By Ulrich Rüde, Karen Willcox, Lois Curfman McInnes, and Hans De Sterck
While CSE is rooted in the mathematical and statistical sciences, computer science, the physical sciences, and engineering, today it increasingly pursues its own unique research agenda. The field is now widely recognized as an essential cornerstone that drives scientific and technological progress in conjunction with theory and experiment. Scientific experimentation and theory, the classical paradigms of the scientific method, both strive to describe the physical world. However, high-fidelity predictive capabilities can often be realized only by numerical computation. CSE’s overarching goal of achieving truly predictive scientific capabilities is its distinguishing factor. It accomplishes this through advances that combine modeling, numerical analysis, algorithms, simulation, big data analytics, high performance computing, and scientific software. The development of predictive capabilities lies at the core of CSE as a new discipline in its own right and has already impacted a number of disciplines, including but not limited to simulation-based design in the automotive industry, simulation-based decisions in computational medicine, and simulation-based predictions of global climate. It is also set to catalyze fundamental changes in many more areas of technical, economic, societal, and political decision processes.
The report also highlights a number of specific CSE “success stories” – application examples in which CSE research is significantly impacting the real world. These accounts emphasize both the long-term payoff of investment in fundamental CSE research and the criticality of sustaining that investment to leverage current and future opportunities—as articulated in the report’s recommendations—for CSE research and education over the next decade.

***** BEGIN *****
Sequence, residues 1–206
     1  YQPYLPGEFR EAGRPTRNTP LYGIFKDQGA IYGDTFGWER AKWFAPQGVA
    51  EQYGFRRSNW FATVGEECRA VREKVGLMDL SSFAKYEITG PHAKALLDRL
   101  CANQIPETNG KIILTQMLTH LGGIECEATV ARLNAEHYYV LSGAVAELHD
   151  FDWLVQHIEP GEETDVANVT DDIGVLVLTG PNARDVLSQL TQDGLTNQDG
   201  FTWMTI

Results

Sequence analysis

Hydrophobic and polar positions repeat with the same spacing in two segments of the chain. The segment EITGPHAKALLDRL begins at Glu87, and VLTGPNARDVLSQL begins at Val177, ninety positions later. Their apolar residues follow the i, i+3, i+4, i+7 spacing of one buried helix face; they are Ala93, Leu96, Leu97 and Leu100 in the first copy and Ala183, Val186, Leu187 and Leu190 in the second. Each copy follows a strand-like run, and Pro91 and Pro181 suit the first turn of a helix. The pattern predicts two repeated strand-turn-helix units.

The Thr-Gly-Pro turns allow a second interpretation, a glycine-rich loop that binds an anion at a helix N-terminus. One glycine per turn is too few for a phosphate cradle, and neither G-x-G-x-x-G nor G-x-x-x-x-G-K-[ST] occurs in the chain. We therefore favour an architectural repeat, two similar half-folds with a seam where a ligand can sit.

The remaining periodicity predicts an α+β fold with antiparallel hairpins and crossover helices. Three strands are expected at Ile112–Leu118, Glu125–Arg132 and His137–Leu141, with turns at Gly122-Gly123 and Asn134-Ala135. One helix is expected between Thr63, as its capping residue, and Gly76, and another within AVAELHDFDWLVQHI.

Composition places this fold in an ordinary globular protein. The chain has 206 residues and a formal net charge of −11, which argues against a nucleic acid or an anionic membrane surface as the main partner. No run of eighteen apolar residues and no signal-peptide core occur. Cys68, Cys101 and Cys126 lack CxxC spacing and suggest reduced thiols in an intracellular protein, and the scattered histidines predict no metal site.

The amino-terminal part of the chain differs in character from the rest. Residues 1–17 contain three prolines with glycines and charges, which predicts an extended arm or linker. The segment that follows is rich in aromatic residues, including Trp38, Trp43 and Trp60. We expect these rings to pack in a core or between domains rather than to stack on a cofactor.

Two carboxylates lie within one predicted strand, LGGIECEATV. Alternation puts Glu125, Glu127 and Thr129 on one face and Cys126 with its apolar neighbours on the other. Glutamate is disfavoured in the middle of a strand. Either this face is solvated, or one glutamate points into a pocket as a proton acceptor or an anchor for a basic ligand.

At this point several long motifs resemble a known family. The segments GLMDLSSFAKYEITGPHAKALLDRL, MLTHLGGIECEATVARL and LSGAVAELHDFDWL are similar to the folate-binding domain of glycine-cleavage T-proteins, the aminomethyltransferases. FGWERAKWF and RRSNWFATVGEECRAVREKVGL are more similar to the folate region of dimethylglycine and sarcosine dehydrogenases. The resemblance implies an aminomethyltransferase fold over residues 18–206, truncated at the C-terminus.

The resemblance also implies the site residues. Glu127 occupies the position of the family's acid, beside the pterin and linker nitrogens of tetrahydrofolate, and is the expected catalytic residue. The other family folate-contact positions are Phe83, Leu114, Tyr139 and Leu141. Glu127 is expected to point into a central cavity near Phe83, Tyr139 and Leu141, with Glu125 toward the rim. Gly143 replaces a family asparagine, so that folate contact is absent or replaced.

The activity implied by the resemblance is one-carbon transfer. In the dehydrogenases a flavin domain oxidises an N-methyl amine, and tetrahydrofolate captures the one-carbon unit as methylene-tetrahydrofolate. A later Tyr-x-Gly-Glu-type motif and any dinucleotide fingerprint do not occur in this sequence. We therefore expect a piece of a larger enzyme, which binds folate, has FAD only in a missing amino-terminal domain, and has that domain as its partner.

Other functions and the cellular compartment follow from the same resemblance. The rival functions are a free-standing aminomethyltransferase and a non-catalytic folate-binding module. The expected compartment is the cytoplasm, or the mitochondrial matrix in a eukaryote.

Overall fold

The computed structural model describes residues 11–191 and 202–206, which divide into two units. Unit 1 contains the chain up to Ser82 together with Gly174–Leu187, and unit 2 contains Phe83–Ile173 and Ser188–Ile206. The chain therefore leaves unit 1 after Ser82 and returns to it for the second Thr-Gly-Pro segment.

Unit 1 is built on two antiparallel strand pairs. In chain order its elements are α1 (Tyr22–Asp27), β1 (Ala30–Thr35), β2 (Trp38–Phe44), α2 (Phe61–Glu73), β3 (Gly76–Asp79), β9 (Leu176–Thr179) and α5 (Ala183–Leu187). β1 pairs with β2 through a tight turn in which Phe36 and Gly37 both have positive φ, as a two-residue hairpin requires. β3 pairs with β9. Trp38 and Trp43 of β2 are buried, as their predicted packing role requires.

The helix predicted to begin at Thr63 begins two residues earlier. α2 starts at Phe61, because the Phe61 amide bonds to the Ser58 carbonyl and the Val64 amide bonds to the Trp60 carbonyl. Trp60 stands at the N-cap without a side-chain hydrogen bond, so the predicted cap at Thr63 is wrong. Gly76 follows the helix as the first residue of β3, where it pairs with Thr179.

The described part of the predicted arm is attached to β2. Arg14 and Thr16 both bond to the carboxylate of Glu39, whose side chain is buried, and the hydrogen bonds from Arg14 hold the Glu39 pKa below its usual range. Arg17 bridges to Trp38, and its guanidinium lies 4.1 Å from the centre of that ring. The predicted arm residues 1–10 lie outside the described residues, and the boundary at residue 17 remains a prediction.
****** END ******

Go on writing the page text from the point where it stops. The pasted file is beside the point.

Rüde, U., Willcox, K., McInnes, L.C., De Sterck, H., Biros, G., Bungartz, H., Corones, J., Cramer, E., Crowley, J., Ghattas, O., Gunzburger, M., Hanke, M., Harrison, R., Heroux, M., Hesthaven, J., Jimack, P., Johnson, C., Jordan, K.E., Keyes, D.E., Krause, R., Kumar, V., Mayer, S., Meza, J., Mørken, K.M., Oden, J.T., Petzold, L., Raghavan, P., Shontz, S.M., Trefethen, A., Turner, P., Voevodin, V., Wohlmuth, B., & Woodward, C.S. (2016). Research and Education in Computational Science and Engineering. Preprint, arXiv.org. https://arxiv.org/abs/1610.02608.
 SIAM Working Group on CSE Education. (2001). Graduate Education in Computational Science and Engineering. SIAM Review, 43(1), 163-177. http://dx.doi.org/10.1137/S0036144500379745.
Ulrich Rüde heads the chair for simulation at the University of Erlangen-Nürnberg and is leader of the Parallel Algorithms Project at the Centre Européen de Recherche et de Formation Avancée en Calcul Scientifique (CERFACS) in Toulouse. He served as editor-in-chief of the SIAM Journal on Scientific Computing from 2005-2010, and is a SIAM Fellow. Karen Willcox is a professor of aeronautics and astronautics and co-director of the Center for Computational Engineering at the Massachusetts Institute of Technology. Lois Curfman McInnes is a senior computational scientist in the Mathematics and Computer Science Division of Argonne National Laboratory. She co-chaired the 2015 SIAM Conference on CSE and is serving as chair of SIAG/CSE from 2015-16. Hans De Sterck is a professor of computational and applied mathematics in the School of Mathematical Sciences at Monash University in Melbourne, Australia. He co-chaired the 2015 SIAM Conference on CSE and currently serves as a section editor for the SIAM Journal on Scientific Computing. Collectively, the authors served as the 2013-2014 officers of SIAG/CSE.